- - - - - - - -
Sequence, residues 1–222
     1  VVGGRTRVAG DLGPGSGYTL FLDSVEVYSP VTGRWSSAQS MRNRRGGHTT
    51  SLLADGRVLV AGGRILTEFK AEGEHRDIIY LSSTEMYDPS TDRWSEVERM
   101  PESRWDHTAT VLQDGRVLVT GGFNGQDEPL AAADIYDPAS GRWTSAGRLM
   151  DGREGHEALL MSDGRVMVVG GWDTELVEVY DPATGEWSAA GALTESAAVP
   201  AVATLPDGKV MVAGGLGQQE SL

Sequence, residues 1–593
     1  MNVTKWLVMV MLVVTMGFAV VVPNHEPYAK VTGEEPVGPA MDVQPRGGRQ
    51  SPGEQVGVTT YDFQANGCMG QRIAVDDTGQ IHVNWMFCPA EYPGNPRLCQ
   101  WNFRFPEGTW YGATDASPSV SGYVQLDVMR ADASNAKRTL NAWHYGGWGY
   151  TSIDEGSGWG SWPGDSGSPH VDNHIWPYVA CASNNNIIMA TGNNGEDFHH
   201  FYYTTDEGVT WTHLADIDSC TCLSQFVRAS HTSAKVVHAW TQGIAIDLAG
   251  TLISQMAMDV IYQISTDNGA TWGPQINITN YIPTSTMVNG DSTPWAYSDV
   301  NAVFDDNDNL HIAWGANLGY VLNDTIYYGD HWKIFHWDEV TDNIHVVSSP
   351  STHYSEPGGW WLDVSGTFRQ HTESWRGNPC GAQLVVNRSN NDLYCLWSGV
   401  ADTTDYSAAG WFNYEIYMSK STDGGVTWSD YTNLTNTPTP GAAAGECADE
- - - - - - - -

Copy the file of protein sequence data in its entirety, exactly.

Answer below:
Sequence, residues 1–222
     1  VVGGRTRVAG DLGPGSGYTL FLDSVEVYSP VTGRWSSAQS MRNRRGGHTT
    51  SLLADGRVLV AGGRILTEFK AEGEHRDIIY LSSTEMYDPS TDRWSEVERM
   101  PESRWDHTAT VLQDGRVLVT GGFNGQDEPL AAADIYDPAS GRWTSAGRLM
   151  DGREGHEALL MSDGRVMVVG GWDTELVEVY DPATGEWSAA GALTESAAVP
   201  AVATLPDGKV MVAGGLGQQE SL

Sequence, residues 1–593
     1  MNVTKWLVMV MLVVTMGFAV VVPNHEPYAK VTGEEPVGPA MDVQPRGGRQ
    51  SPGEQVGVTT YDFQANGCMG QRIAVDDTGQ IHVNWMFCPA EYPGNPRLCQ
   101  WNFRFPEGTW YGATDASPSV SGYVQLDVMR ADASNAKRTL NAWHYGGWGY
   151  TSIDEGSGWG SWPGDSGSPH VDNHIWPYVA CASNNNIIMA TGNNGEDFHH
   201  FYYTTDEGVT WTHLADIDSC TCLSQFVRAS HTSAKVVHAW TQGIAIDLAG
   251  TLISQMAMDV IYQISTDNGA TWGPQINITN YIPTSTMVNG DSTPWAYSDV
   301  NAVFDDNDNL HIAWGANLGY VLNDTIYYGD HWKIFHWDEV TDNIHVVSSP
   351  STHYSEPGGW WLDVSGTFRQ HTESWRGNPC GAQLVVNRSN NDLYCLWSGV
   401  ADTTDYSAAG WFNYEIYMSK STDGGVTWSD YTNLTNTPTP GAAAGECADE